Meijer and SpartanNash are among hundreds of companies that have made pledges to the Humane Society of the United States to go cage-free by 2025. Courtesy iStock
Some farmers soon may have to adhere to new standards.
A portion of the Animal Industry Act that was recently passed in the Michigan Legislature would require egg farmers who are using more than 3,000 hens to produce cage-free eggs by 2025.
The new standard was passed as the marketplace moves toward cage-free egg production.
According to Michigan Allied Poultry Industries, hundreds of companies have made national commitments with the Humane Society of the United States, promising to sell only cage-free eggs by 2025. Some of those companies include McDonald’s, Costco, Walmart, Meijer, SpartanNash and others, said Allison Brink, executive director of MAPI.
State Sen. Kevin Daley, R-Lum, sponsored Senate Bill 174, or the Animal Industry Act. He said seven farms will be affected, including one of the largest egg suppliers in the country, Herbruck’s Poultry Ranch in Saranac.
Herbruck’s has 6 million laying hens and produces all the eggs for McDonald’s east of the Mississippi, according to Daley.
“We appreciate the Legislature’s leadership in advancing Senate Bill 174 because it will maintain high standards, expand Michigan’s egg industry and position Michigan as a leader in the United States for cage-free egg production,” Herbruck’s President Greg Herbruck said in a statement.
Michigan has 15 million egg-laying hens. The state currently is ranked sixth in the nation in egg production and about 8.5 million hens currently are living in cage-free houses, according to MAPI, representing approximately 56% of the total egg-laying hen population.
Daley said Michigan egg production is a $650 million business, and if the state did not establish new standards, egg farmers likely would go out of business or move to another state because of the commitment the marketplace has made to switch to cage-free housing standards by 2025, which would disrupt the economic impact egg production has on the state.
However, transitioning to the cage-free standard by 2025 will not be easy.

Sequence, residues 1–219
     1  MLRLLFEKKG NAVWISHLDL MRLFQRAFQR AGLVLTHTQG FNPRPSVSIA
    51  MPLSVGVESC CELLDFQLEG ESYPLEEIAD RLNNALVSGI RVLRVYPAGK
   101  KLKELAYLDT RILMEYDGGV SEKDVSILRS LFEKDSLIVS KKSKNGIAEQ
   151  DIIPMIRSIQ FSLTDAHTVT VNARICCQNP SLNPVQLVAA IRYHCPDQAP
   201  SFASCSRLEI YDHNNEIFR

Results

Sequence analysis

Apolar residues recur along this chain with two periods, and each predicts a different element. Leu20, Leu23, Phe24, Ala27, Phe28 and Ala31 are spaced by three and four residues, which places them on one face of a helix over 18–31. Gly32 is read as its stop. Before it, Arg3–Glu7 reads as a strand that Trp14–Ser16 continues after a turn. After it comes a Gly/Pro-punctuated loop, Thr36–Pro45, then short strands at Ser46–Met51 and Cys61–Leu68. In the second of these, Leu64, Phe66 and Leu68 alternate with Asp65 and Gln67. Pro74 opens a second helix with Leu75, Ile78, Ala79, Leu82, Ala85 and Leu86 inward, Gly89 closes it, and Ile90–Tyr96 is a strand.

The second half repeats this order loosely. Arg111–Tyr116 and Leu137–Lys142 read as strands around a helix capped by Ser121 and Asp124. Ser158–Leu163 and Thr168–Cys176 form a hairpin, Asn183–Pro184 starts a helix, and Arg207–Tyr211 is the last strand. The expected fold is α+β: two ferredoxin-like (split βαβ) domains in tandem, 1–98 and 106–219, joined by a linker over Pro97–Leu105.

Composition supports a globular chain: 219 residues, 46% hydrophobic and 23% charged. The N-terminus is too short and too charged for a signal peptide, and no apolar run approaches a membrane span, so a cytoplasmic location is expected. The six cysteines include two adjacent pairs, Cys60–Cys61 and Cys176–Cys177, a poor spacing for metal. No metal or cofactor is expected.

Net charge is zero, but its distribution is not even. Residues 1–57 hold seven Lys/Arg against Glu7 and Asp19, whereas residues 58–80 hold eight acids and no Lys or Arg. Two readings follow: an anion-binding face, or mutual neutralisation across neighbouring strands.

“Transition to cage-free is not a simple process,” Brink said. “These are complex systems that require, in most cases, that the barns be completely demolished, and a new barn be built. The cage-free standard is in line with the United Egg Producers’ cage-free standard so the birds will be housed within a barn (but) cage-free.
“The UEP’s cage-free standard is the industry standard for a cage-free environment and those are the same cage-free standards adopted by the four other states that have a cage-free law, those states being California, Washington, Oregon and Rhode Island.”
Another reason why the transition will not be easy, Daley said, is because of a 2009 law that required egg farmers to adhere to an enhanced cage size.
“The egg hen-laying industry was in a predicament,” he said. “They agreed through legislation that was passed in 2009 that would require them to meet a standard, which was called an enhanced size. That meant that they would go to a larger cage size for their laying hens. In that agreement, they agreed to go to that enhanced cage size by March of 2020.
“Just shortly after they agreed upon it and the Legislature passed the bill, the market for eggs such as Meijer, McDonald’s and others, started coming out with agreements that they would go to cage-free eggs by 2025.”
As a result, egg farmers who expanded their cage size to meet the 2020 deadline will potentially have to remove those new cages and start establishing barns that are cage-free by January 2025.
Daley said he expects the Animal Industry Act to be signed into law soon.